Parametric Analysis of a Convergent-Divergent Nozzle for 2N Cold Gas Propulsion of a Nanosatellite
2021 Aerospace Engineering Masters Theses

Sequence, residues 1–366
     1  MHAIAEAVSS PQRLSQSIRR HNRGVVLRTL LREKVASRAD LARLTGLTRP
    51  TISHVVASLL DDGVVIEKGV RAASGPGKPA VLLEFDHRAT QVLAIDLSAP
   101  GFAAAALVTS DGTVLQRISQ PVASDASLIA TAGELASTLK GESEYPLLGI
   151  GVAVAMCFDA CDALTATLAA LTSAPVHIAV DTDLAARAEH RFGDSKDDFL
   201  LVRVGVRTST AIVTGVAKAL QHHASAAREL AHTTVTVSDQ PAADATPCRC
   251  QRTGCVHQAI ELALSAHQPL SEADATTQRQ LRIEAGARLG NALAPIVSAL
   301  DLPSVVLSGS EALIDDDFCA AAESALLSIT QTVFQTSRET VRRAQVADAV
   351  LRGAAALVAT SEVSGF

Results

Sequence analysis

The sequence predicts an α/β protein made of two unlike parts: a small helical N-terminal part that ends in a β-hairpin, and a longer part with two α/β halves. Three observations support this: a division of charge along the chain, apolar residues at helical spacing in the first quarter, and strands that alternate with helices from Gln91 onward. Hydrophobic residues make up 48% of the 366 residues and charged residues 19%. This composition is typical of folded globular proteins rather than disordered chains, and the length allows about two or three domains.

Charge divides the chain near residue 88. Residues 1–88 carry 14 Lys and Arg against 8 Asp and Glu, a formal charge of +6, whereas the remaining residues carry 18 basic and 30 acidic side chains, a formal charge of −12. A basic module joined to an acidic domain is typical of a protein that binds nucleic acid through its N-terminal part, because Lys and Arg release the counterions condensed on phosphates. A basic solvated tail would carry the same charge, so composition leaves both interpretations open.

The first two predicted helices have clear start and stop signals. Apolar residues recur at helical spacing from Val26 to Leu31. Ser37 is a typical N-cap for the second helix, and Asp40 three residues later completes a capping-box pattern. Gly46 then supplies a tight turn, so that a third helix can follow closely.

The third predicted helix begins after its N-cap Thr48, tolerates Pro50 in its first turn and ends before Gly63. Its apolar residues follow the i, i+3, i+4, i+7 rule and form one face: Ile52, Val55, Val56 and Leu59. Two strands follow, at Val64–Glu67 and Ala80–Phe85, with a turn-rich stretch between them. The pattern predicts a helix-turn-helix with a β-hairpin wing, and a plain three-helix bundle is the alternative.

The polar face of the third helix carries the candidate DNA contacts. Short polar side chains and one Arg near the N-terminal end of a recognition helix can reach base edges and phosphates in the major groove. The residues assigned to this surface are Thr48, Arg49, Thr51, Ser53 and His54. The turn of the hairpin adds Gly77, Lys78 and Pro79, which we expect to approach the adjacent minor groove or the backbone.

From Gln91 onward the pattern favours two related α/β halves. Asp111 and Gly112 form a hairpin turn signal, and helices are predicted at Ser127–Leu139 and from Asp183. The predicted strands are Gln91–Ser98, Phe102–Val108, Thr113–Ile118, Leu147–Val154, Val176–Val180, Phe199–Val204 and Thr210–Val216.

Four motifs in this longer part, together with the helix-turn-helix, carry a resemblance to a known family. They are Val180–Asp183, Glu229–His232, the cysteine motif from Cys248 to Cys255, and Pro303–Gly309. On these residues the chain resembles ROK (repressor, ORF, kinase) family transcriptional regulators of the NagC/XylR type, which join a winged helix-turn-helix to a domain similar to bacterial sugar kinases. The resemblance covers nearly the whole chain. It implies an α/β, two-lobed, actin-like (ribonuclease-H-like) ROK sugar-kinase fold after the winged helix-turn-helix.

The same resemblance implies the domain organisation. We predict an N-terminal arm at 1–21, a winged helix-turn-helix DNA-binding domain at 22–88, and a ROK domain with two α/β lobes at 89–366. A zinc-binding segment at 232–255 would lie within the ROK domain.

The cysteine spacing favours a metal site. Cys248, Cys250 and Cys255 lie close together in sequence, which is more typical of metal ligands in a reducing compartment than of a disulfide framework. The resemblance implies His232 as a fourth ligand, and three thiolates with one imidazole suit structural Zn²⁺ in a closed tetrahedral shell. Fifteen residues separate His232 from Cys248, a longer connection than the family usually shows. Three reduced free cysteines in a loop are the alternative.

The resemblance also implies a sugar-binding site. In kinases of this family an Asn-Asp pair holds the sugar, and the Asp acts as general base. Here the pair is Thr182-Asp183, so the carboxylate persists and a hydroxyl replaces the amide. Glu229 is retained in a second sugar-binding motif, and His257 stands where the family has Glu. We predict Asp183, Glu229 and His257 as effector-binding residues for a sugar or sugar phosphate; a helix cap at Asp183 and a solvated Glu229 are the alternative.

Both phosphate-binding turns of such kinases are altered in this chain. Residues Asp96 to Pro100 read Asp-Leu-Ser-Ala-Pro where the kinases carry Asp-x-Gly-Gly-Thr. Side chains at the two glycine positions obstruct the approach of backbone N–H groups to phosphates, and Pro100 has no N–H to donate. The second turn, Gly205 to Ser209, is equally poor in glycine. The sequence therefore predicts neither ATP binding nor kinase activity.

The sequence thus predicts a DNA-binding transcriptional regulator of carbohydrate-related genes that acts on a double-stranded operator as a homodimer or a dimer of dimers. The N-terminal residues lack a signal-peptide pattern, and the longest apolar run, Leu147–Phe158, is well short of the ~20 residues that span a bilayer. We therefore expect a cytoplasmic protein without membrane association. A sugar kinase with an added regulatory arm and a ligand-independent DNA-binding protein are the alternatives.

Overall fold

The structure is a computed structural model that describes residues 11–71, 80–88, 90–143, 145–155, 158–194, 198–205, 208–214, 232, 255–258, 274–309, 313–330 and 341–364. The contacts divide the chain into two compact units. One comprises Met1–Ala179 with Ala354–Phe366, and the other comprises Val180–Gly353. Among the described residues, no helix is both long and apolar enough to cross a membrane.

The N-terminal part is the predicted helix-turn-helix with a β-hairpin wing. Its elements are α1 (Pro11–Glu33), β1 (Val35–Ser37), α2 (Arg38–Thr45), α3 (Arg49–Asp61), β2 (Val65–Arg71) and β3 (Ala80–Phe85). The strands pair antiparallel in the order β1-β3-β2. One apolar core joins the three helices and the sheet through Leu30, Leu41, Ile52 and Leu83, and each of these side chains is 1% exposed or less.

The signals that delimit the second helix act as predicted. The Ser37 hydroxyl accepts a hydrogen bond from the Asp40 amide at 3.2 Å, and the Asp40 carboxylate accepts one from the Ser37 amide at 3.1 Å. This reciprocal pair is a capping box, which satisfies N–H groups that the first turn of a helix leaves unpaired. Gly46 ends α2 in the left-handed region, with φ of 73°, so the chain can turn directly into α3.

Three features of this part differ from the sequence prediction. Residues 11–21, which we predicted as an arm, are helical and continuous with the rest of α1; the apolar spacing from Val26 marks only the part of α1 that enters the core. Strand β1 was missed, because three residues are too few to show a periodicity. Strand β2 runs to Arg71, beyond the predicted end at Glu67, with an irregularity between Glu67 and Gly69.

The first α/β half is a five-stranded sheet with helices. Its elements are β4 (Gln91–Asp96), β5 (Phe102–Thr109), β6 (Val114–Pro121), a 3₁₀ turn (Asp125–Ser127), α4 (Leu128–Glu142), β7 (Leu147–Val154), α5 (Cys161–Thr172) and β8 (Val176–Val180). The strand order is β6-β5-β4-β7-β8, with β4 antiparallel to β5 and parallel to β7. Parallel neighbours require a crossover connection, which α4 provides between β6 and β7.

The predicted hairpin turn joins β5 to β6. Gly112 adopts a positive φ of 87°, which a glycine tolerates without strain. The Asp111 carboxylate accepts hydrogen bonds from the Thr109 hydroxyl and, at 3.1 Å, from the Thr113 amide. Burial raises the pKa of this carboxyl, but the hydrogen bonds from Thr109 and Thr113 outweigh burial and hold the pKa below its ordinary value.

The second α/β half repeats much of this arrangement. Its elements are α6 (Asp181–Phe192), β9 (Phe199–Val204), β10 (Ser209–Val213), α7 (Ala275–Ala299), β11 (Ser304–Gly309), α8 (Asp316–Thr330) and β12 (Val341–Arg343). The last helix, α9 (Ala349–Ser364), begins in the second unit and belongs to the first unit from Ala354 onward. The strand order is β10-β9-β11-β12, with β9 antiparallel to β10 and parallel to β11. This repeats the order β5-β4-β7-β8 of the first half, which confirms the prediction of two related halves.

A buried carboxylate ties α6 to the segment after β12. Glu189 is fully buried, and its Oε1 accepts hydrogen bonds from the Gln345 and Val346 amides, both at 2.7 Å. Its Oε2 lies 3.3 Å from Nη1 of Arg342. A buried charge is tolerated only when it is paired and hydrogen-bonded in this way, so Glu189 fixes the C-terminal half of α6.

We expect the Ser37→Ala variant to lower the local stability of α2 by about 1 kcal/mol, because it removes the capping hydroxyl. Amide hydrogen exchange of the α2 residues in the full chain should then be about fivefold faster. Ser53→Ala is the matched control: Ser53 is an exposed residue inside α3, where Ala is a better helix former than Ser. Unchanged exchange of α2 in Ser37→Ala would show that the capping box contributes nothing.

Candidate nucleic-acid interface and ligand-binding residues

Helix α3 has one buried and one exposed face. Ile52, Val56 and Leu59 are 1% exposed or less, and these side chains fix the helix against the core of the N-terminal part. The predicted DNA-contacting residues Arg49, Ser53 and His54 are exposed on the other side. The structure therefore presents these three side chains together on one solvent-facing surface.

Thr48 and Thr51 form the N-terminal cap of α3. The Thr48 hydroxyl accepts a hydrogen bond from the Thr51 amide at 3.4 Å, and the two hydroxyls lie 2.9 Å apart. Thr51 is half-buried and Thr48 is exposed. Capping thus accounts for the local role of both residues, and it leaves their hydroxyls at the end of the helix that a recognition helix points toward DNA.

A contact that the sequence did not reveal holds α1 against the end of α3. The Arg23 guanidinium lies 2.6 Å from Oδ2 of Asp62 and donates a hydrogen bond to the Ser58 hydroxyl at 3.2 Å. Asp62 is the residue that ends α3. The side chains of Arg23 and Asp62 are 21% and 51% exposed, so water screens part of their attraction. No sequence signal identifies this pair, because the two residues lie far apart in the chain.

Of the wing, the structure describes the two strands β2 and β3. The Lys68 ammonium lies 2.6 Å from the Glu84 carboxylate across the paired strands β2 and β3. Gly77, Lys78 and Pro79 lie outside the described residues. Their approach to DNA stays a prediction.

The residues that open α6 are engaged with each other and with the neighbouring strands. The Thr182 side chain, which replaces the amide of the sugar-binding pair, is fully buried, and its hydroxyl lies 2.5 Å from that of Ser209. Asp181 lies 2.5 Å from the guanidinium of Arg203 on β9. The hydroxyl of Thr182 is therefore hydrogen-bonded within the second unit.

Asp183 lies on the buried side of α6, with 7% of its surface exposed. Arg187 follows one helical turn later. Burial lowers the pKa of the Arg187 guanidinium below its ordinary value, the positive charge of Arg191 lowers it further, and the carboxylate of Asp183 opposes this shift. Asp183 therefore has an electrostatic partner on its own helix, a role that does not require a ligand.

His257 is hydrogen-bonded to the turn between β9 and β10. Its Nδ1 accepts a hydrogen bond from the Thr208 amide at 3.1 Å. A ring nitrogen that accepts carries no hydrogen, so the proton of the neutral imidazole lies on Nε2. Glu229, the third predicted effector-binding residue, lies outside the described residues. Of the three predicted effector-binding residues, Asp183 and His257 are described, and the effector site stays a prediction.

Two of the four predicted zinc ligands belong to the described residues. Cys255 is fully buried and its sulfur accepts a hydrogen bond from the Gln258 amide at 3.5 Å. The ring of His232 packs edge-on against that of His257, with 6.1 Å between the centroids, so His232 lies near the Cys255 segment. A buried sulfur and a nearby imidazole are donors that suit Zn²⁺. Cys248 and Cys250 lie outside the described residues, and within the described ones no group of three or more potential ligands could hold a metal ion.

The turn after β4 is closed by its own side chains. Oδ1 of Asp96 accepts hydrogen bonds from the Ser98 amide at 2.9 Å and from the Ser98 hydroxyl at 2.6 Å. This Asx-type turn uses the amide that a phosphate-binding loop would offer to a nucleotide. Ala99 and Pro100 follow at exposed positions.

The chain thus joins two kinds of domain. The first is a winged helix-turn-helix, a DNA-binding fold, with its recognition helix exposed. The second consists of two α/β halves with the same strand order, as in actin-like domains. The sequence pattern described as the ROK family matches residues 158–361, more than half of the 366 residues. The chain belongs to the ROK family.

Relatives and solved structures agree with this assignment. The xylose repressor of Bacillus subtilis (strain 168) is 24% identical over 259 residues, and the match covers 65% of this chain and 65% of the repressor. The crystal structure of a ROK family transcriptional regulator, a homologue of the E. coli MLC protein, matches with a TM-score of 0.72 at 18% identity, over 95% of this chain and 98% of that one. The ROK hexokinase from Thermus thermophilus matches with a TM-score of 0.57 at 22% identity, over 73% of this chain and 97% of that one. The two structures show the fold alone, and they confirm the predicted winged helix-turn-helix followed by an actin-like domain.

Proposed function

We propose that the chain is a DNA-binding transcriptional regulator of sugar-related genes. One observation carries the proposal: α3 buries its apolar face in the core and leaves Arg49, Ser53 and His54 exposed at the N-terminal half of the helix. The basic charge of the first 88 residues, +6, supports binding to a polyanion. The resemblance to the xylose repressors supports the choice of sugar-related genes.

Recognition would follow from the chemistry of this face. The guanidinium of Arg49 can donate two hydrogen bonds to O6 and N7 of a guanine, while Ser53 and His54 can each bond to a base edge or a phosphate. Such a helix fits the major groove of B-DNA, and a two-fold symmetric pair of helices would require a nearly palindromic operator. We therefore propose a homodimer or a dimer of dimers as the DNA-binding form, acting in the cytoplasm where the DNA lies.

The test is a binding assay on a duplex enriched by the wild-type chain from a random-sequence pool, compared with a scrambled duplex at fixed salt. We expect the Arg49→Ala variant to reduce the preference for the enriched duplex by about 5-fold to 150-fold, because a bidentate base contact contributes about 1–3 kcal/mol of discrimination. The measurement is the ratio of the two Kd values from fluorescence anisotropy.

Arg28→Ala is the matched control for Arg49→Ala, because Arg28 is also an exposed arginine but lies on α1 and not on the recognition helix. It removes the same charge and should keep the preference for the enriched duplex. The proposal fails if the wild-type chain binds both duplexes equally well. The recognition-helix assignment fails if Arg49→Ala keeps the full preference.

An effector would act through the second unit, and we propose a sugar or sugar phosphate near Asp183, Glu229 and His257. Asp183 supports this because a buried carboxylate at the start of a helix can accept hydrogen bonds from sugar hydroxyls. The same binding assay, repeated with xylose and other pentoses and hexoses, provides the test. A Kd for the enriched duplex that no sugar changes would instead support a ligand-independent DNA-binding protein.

In recent times, the concepts of microsatellite development have been a versatile subject ranging from their ability to reduce overall cost of satellites to their improved efficiency and adaptability. This has brought new innovations about creating micro-components for the satellite missions. The study of convergent-divergent (C-D) nozzle is an ever-growing research area due to its wide applications particularly in the aerospace field. Hence, this research study particularly looks into studying the influence of varying divergence angle and divergence length on flow parameters for optimum nozzle design. Propellant selection criteria were drawn up for cold gaseous propellants to test their effectiveness leading to the choice of compressed air and Nitrogen as preferred propellants due to their availability, inertness and non-toxicity. Varying the divergence angle of a C-D nozzle produced a series of nozzle geometries and the analysis of simulation results yielded an optimum angle of 15° with choking effect at the throat located at 0.3m. Other divergence angles considered including 5°, 10°, 20°, 25° and 30o generated multiple shocks across the nozzle throat. A divergence length of 1.35m produced the highest exit pressure of 61.756kPa close to ambient pressure. Divergence length of 1.35m coupled with a divergence angle of 15° appears to be most appropriate for the design of a C-D nozzle suitable for microsatellite propulsion system.